My mother, who was (and still is) my safe harbor, especially during the most difficult teenage years, didn’t fail to notice the internal conflict going on inside my mind that was consuming the smart, kind little girl she had raised. I remember it vividly now, as she seated me on a kitchen chair one afternoon in late November when I was about 16 and asked why was I having so much trouble dealing with my personality, dreams and goals. When I was younger, I went around happily telling everyone that I wanted to be either the first female president or an astronaut, so I could have a cute Siberian Husky called Laika.
“When did you stop having those dreams?” my mother asked me, and for one of the few times in my life, I was honest and told her everything — from how I feared many people would never vote for me because of my Jewish origins, to how NASA would probably look down at the daughter of poor Latino immigrants.
“That’s the world we live in,” I told her quietly, and my mother stood silent for a couple of seconds. Then a minute. Two minutes. Three.
When she finally spoke, I let go of my breath, which I didn’t even realize I was holding.
“If this is the world we live in,” she told me seriously, “then you are much more important than you ever thought. Not only you will be the first female president, you will also be the first Jewish president. A Sephardic Jew, on top of that! Not only you will be one of the few children of immigrants to go to space, you will bring hope to other kids who will one day stand in the same place you are now, facing this same question. You do not owe anyone any explanation or definition of who you are: You are you, Tori. You are not less Jewish than the redhead girl who sits beside you at the synagogue and whose grandparents are Holocaust survivors; you two are the same, but different. You are not less Latina because your skin isn’t as dark as your Latina classmates’ and because your first language is English; roots grow deep, and they will always be there. You can be both Jewish and Latina, you can pray in Hebrew and Ladino, and no matter what people say, no one will be able to change that. Go show people that you can have the best of both words, and that a single word will never be enough to define you. Show people that we exist, and that we are here.”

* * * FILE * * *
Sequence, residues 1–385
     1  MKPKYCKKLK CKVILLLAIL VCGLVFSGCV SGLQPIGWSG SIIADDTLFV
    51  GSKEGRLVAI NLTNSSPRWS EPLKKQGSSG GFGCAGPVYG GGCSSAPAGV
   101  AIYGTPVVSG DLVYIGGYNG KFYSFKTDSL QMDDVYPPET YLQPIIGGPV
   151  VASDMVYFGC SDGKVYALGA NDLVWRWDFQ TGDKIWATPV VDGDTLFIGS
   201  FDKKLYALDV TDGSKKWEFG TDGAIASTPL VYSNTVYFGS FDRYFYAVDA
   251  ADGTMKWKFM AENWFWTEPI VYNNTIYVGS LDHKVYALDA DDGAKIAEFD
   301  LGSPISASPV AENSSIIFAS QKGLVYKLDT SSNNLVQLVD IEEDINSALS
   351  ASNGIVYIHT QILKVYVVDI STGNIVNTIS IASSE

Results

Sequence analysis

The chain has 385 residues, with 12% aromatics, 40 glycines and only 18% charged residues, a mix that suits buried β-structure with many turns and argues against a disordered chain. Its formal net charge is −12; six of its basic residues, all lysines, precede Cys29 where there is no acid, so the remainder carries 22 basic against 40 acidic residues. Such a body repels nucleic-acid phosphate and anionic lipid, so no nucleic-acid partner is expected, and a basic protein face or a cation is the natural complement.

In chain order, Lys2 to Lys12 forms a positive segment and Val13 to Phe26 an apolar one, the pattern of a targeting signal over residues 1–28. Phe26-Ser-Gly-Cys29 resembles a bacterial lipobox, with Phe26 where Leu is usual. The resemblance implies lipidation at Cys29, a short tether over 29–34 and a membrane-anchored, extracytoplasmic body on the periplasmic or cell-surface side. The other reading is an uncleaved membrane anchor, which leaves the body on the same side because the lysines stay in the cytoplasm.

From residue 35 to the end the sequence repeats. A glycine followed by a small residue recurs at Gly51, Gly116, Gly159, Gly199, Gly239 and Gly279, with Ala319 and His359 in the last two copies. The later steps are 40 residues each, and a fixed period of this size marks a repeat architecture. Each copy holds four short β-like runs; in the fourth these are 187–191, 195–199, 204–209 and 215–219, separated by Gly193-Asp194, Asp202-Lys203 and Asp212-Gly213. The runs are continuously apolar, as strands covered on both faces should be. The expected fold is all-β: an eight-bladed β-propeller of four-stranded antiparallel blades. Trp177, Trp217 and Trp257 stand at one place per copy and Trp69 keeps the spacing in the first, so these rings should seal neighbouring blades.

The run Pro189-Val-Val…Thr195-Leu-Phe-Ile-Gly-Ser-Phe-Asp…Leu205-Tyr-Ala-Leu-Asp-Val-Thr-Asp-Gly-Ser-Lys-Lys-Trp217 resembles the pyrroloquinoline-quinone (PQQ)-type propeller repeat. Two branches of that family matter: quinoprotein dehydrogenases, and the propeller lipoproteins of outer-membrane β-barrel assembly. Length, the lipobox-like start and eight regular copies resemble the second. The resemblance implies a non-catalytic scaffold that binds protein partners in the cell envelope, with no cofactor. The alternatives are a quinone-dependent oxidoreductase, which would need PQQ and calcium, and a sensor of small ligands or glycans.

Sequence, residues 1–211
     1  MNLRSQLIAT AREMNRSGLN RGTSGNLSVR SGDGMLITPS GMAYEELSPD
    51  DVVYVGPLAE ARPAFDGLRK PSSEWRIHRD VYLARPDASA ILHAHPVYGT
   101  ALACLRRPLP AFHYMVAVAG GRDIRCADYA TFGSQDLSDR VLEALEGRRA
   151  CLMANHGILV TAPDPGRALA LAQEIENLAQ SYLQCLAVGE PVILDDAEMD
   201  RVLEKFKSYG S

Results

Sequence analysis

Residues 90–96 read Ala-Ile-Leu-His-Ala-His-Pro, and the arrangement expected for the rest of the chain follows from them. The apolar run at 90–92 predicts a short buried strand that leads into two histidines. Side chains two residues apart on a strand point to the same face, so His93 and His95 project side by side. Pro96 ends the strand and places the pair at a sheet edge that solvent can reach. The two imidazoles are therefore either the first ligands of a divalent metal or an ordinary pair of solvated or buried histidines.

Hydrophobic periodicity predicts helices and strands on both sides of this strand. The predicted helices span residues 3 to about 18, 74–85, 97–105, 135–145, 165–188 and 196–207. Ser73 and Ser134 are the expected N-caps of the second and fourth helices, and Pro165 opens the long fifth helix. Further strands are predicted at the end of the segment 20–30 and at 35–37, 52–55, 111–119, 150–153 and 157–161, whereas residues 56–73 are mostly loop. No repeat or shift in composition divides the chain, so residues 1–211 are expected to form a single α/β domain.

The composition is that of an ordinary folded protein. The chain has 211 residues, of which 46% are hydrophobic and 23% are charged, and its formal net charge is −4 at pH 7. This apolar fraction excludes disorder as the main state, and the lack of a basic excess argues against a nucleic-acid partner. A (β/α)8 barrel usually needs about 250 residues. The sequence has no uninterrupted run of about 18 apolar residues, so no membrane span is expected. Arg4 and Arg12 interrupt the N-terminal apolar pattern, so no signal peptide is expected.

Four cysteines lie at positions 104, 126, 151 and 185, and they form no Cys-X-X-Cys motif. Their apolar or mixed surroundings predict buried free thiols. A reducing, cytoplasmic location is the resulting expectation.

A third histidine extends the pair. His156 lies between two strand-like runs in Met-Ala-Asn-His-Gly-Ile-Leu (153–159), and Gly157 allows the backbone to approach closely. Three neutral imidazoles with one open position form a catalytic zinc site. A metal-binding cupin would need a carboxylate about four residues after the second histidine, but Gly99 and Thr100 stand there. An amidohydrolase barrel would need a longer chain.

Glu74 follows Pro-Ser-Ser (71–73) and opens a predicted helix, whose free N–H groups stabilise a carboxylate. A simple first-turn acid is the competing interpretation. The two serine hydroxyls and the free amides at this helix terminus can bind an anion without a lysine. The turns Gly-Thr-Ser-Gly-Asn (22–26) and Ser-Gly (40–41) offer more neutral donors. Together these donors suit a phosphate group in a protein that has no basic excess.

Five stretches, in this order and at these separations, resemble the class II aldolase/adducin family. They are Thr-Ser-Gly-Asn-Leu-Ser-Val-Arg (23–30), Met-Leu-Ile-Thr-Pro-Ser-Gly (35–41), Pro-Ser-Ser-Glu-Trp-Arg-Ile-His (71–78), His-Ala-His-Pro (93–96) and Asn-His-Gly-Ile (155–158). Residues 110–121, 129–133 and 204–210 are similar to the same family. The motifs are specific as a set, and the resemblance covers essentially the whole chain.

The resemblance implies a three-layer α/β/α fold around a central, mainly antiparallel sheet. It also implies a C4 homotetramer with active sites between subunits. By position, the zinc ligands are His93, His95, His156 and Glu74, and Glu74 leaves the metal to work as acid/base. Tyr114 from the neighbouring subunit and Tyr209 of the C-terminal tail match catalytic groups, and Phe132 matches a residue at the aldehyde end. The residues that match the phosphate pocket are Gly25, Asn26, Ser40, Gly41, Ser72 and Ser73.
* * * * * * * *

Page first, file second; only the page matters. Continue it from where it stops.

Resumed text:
Six years after I heard those words come out of my mother’s mouth, my identity conflict is now solved: From that day on, I stopped hating my dull brown hair and brown eyes and started loving them because they made me resemble my bubbe when she was younger. I stopped feeling ashamed for praying or singing in Ladino, and have even taught some popular Hanukkah songs to my Ashkenazi friends. I stopped feeling guilty for not being “Latina enough” because, honestly, Latinas are all about extra, and never enough, and it took me a few years to learn that. I might not have gone to Mars or been elected president (yet), but I know someday that will happen, if not to me, then to another girl.
Another Jewish girl. Another Sephardic Jewish girl. Another Sephardic Jewish Latina girl who is very proud of who she is and where she has come from.